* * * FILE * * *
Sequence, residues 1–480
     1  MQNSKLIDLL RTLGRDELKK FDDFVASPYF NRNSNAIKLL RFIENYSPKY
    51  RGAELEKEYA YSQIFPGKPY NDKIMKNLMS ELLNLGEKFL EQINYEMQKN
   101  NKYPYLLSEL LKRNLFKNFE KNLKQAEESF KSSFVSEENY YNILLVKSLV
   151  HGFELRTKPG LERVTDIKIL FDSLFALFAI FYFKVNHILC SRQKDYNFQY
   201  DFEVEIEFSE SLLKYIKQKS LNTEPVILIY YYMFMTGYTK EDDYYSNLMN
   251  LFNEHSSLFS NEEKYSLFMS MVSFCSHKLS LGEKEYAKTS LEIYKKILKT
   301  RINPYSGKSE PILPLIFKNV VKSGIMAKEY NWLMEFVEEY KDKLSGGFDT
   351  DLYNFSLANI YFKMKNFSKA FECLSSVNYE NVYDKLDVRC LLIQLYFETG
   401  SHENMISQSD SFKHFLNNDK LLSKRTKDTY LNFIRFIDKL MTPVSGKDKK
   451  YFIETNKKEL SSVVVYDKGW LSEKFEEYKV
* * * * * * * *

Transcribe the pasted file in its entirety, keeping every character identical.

Sequence, residues 1–480
     1  MQNSKLIDLL RTLGRDELKK FDDFVASPYF NRNSNAIKLL RFIENYSPKY
    51  RGAELEKEYA YSQIFPGKPY NDKIMKNLMS ELLNLGEKFL EQINYEMQKN
   101  NKYPYLLSEL LKRNLFKNFE KNLKQAEESF KSSFVSEENY YNILLVKSLV
   151  HGFELRTKPG LERVTDIKIL FDSLFALFAI FYFKVNHILC SRQKDYNFQY
   201  DFEVEIEFSE SLLKYIKQKS LNTEPVILIY YYMFMTGYTK EDDYYSNLMN
   251  LFNEHSSLFS NEEKYSLFMS MVSFCSHKLS LGEKEYAKTS LEIYKKILKT
   301  RINPYSGKSE PILPLIFKNV VKSGIMAKEY NWLMEFVEEY KDKLSGGFDT
   351  DLYNFSLANI YFKMKNFSKA FECLSSVNYE NVYDKLDVRC LLIQLYFETG
   401  SHENMISQSD SFKHFLNNDK LLSKRTKDTY LNFIRFIDKL MTPVSGKDKK
   451  YFIETNKKEL SSVVVYDKGW LSEKFEEYKV